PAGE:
Zane Mellor, one of the six victims of a jumping castle accident in northwest Tasmania, has been remembered as kind and strong and a passionate gamer.
Family and loved ones gathered on Thursday morning in Devonport to farewell the 12-year-old, one week after the Hillcrest Primary School tragedy.
Watch the video above for the latest update on the tragedy
“I was so young when I had you, only 15, and now I know why,” Zane’s mother Georgie told the service.
“You grew up with me, held my hands and kissed my face in all the hard times.
“You were my man of the house always, my protector, my strength, my gamer.
“I love you Zane. No matter what the weather, we’re together.”
Zane gamed with friends from across the world under the nickname ‘Jurassic Zane’ in reference to his love of dinosaurs.
A letter from Zane’s grandfather was read out, recalling a fishing trip off the northwest town of Stanley where they were surrounded by dolphins.
His aunt described him as “kind and strong”.
“He lived life to the fullest and wasn’t afraid to show the world who he really was,” she said.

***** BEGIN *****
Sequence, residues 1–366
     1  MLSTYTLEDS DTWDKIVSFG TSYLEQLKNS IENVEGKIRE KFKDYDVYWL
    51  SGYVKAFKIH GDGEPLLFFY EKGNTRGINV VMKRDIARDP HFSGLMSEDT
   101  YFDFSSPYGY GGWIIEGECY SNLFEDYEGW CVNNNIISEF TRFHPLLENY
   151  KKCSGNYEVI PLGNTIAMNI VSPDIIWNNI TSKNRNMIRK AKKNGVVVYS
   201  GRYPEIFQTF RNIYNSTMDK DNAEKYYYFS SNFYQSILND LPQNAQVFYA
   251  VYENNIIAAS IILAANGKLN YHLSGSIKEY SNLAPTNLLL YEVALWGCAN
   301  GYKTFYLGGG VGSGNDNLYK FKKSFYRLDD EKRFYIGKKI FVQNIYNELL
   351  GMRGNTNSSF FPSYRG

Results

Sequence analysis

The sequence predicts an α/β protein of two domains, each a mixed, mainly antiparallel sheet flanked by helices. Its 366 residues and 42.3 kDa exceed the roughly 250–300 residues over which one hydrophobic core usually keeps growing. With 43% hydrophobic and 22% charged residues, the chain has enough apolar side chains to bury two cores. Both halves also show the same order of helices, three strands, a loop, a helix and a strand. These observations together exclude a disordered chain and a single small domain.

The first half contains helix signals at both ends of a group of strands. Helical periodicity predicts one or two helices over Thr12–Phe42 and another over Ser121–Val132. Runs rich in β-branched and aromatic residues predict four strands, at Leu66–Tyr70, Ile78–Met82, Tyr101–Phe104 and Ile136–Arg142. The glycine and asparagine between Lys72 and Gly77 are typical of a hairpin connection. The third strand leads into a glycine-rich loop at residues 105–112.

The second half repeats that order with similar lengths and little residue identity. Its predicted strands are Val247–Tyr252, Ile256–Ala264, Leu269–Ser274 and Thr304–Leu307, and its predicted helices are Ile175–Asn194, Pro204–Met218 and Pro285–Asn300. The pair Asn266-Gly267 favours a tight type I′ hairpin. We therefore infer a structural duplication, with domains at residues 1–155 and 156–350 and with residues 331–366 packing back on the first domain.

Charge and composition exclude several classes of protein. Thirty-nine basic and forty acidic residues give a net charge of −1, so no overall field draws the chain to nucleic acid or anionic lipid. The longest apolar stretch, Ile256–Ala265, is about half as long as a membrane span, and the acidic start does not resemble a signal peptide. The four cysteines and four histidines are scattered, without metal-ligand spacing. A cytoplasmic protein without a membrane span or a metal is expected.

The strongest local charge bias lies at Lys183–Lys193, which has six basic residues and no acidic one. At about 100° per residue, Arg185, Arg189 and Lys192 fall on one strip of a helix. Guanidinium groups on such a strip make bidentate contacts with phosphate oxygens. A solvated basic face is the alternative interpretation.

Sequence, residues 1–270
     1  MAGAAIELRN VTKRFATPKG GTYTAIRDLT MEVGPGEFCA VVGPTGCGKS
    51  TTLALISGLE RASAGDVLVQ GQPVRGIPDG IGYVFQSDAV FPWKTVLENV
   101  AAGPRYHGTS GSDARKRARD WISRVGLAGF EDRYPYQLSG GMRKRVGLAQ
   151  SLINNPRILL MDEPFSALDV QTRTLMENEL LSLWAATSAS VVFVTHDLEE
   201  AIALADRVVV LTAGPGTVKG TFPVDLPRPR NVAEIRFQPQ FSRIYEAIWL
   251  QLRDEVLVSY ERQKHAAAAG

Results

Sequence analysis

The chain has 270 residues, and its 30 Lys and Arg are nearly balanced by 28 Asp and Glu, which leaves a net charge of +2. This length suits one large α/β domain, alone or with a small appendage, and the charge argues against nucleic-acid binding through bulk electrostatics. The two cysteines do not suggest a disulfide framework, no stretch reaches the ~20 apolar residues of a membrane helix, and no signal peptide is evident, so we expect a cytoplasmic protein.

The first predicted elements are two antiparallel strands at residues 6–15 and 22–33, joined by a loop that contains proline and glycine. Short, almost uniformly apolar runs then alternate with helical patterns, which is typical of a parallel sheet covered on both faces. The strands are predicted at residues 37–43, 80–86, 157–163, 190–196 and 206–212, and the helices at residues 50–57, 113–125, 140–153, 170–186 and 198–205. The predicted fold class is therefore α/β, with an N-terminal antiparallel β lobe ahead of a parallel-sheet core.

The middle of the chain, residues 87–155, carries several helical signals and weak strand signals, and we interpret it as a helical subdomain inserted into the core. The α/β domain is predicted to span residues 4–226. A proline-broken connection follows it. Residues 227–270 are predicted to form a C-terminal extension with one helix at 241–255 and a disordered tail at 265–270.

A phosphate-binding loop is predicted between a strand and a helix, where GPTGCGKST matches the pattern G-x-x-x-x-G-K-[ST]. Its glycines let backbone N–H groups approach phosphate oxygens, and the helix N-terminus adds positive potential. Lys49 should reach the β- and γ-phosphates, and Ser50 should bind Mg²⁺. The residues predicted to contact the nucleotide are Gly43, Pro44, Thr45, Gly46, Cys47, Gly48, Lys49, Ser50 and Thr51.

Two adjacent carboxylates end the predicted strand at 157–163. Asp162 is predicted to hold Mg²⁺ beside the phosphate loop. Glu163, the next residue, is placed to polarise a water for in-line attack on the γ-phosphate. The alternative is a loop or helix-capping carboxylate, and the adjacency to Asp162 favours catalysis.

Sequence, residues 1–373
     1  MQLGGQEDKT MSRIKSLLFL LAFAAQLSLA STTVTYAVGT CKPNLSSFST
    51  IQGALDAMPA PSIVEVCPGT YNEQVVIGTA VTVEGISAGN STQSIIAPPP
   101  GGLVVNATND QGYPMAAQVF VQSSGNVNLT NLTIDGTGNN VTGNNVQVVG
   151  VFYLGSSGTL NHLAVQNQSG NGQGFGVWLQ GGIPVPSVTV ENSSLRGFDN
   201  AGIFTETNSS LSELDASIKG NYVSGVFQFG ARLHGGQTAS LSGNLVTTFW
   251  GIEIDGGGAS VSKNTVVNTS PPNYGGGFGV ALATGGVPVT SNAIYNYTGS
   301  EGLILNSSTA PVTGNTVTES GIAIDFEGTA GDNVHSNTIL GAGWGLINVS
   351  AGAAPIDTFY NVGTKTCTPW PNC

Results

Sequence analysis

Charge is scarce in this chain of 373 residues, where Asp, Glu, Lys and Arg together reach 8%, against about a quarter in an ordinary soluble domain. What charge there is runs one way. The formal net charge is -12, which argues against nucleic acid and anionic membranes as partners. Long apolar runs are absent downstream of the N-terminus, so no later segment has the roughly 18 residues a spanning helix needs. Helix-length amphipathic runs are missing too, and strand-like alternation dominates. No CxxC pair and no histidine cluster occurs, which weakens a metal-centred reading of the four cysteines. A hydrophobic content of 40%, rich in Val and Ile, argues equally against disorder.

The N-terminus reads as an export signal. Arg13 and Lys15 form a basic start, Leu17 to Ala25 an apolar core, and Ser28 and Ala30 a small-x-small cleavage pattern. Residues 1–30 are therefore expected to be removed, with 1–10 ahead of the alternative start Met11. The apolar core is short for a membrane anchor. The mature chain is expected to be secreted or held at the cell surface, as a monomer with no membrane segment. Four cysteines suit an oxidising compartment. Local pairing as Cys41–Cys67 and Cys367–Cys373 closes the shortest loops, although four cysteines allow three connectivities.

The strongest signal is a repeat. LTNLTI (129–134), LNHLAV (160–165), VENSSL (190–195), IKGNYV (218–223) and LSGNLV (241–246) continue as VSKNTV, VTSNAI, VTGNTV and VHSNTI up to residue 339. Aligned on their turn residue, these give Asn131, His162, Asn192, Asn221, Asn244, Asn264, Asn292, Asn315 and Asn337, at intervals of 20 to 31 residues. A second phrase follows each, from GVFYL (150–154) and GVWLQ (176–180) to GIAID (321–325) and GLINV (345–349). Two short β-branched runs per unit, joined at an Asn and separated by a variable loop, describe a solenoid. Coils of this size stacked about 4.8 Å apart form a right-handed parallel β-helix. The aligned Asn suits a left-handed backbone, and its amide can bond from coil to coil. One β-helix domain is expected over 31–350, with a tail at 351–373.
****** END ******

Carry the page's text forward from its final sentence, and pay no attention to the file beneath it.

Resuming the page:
“I watched you take your first step … you were my gaming buddy. You will never be far from our minds.”
Messages from Zane’s classmates and teachers were also shared.
“I loved your personality, every day you would put a smile on my face,” one school friend wrote.
Streams of people have continued to leave flowers, soft toys and tributes outside the primary school.
The condition of two boys injured in the accident has steadily improved from critical to stable, Premier Peter Gutwein said at a press conference in Hobart.
“I understand they have been moved out of the ICU,” he said.
One other student injured in the accident is recovering at home.
An online fundraising page set up by Devonport local Zoe Smith has raised more than $1.4 million for the families.
Police, including specialist officers from NSW, have started interviewing the many young witnesses to the accident, which will be examined by the coroner.
Around 40 children were enjoying end-of-year celebrations when a freak gust of wind picked up the jumping castle and several inflatable zorb balls.
Tasmania’s Governor Barbara Baker visited the school on Wednesday and spent time with first responders and education staff.
“Thank you to you all for the invaluable and caring work you have done and continue to do with everyone affected by this tragedy,” she said.
Earlier this week, the Glenorchy City Council in southern Tasmania banned jumping castles and inflatable devices from being used on council-owned property.
Tasmania’s education department has put a stop to inflatable equipment being used on school sites.
Prime Minister Scott Morrison, who visited the school with wife Jenny on Saturday, has announced $800,000 will be made available to fund trauma counselling for people impacted.